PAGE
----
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A leave of absence can qualify as a reasonable accommodation under the ADA, but how long should employers consider granting such leaves? In Echevarria v. Astrazeneca Pharmaceutical, LP, 33 A.D. Cases 673 (1st Cir. 2017), some practical guidance emerges on this issue. The case involved a Pharmaceutical Sales Specialist named Taymari Delgado Echevarria (hereinafter Delgado) who developed a small brain tumor in November 2010, followed by recurrent depression and anxiety.
On December 12, 2011, Delgado’s physician, Dr. Sanchez, recommended that Delgado take time off work for reasons of severe depression and anxiety. She eventually received short term disability benefits retroactive to December 12, 2011. Those benefits continued until March 11, 2012, but were terminated because Delgado failed to submit adequate documentation of her disability. Human Resources then wrote to Delgado and advised her that she must return to work by March 22, 2012. The letter made clear that if she failed to return to work, Delgado would be considered to have abandoned her employment.
Delgado did not return to work on March 22, 2012, so the HR rep offered her a severance package if she were to resign. That conversation set Delgado back and caused her condition to relapse, according to Dr. Sanchez. Astrazeneca then extended Delgado’s leave until April 29, 2012. Another letter was sent to Delgado advising that she must return to work by May 17, 2017 or be considered to have resigned.
Delgado did not return to work on May 17, 2012. Dr. Sanchez wrote to the company HR rep stating that Delgado would need another 12 months of leave before she could return to work. Eventually Delgado was terminated in mid-July 2012. Delgado refused to accept a severance package and sued for discrimination under the ADA. She argued that her request for leave constituted a reasonable accommodation under the ADA. The Court said:
The combined effect of two aspects of this case convince us that Delgado has failed to show that her request for twelve more months of leave was a reasonable accommodation. First, it seems doubtful that Delgado shouldered her burden of showing that the requested accommodation would have enabled her to perform the essential functions of her position. Second, Delgado has not shown that additional leave for this duration is a facially reasonable accommodation. . .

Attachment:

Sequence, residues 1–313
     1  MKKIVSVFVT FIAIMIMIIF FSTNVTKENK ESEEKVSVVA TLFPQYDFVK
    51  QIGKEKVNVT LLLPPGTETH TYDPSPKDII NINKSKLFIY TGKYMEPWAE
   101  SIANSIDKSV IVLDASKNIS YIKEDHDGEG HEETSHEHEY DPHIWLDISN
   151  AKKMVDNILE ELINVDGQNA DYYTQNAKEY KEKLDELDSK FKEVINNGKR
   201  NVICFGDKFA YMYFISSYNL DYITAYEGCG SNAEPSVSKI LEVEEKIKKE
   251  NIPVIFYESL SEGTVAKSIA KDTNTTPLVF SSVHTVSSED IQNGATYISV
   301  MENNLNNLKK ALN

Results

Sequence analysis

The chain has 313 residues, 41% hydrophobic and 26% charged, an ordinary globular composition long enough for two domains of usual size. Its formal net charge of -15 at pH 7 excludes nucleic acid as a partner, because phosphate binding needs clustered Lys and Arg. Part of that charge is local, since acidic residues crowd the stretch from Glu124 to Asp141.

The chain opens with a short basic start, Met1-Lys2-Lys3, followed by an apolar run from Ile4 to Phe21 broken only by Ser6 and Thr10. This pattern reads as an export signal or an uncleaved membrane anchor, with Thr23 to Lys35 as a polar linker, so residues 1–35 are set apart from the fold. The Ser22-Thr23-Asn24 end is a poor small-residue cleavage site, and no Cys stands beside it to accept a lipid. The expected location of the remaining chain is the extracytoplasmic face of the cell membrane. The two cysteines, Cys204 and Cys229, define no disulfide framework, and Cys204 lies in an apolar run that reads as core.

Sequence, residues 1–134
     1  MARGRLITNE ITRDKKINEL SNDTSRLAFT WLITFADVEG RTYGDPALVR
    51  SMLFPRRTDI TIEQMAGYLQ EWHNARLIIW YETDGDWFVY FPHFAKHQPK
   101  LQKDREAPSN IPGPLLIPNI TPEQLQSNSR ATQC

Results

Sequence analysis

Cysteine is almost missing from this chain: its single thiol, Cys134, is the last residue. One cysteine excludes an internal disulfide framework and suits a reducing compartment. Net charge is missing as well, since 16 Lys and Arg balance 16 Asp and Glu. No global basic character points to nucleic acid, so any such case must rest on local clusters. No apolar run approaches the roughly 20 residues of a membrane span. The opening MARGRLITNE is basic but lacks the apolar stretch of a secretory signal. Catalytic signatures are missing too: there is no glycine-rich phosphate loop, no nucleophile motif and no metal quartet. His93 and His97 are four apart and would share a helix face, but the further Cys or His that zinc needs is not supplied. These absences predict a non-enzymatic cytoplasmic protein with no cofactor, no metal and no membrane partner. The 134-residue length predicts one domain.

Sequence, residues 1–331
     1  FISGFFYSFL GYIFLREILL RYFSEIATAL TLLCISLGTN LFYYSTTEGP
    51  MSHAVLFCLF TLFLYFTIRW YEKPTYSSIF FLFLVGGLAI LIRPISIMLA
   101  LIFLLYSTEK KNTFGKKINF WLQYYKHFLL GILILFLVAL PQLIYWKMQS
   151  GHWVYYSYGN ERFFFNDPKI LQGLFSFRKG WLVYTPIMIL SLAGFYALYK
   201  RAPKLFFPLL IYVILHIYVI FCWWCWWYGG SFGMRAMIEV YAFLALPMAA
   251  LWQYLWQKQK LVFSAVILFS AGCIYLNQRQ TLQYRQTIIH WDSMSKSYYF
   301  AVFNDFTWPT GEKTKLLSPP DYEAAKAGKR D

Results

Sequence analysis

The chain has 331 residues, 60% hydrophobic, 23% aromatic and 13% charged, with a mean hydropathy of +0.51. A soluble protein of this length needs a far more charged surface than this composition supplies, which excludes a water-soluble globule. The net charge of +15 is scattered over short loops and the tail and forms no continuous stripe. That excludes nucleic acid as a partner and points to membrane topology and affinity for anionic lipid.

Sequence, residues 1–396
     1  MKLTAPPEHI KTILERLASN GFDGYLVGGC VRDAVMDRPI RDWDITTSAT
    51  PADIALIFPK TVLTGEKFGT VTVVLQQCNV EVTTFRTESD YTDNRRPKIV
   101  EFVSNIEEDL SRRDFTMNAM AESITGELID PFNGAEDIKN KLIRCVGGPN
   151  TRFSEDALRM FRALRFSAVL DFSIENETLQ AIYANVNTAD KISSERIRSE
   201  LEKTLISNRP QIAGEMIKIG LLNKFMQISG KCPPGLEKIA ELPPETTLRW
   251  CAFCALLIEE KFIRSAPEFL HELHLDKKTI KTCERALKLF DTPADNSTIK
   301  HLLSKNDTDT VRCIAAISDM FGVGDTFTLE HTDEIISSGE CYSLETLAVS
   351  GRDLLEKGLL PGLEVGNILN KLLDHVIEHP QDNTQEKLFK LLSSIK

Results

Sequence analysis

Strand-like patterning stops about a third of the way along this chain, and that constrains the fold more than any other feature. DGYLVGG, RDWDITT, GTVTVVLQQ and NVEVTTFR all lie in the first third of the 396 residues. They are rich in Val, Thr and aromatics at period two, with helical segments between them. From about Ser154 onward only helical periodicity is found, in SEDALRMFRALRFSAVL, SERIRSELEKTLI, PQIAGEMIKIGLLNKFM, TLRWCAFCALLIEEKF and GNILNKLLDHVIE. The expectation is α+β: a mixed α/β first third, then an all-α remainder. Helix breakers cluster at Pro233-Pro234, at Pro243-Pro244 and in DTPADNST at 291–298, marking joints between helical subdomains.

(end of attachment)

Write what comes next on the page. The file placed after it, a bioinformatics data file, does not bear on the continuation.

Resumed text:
In an interesting opinion, the Court considered the effect of such a request on the operations of an employer. “Compliance with a request for a lengthy period of leave imposes obvious burdens on an employer, not the least of which entails somehow covering the absent employee’s job responsibilities during the employee’s extended leave.”
This case makes sense. While it does not answer what the outcome would have been had a shorter period of time been requested, it does provide useful guidance for employers in requiring the employee to show that the requested accommodation would allow the employee to perform the job and is a reasonable request. Certainly a request for three months of leave would be considered by most courts to be reasonable, just as a request for one year would be considered unreasonable. The gray area is in between the three month period and one year, and the specific facts will always be critical in determining the outcome.
John H. Geaney, Esq., is an Executive Committee Member and a Shareholder in Capehart Scatchard's Workers’ Compensation Group. Mr. Geaney concentrates his practice in the representation of employers, self-insured companies, third-party administrators, and insurance carriers in workers’ compensation, the Americans with Disabilities Act and Family and Medical Leave Act. Should you have any questions or would like more information, please contact Mr. Geaney at 856.914.2063 or by e‑mail at email@example.com.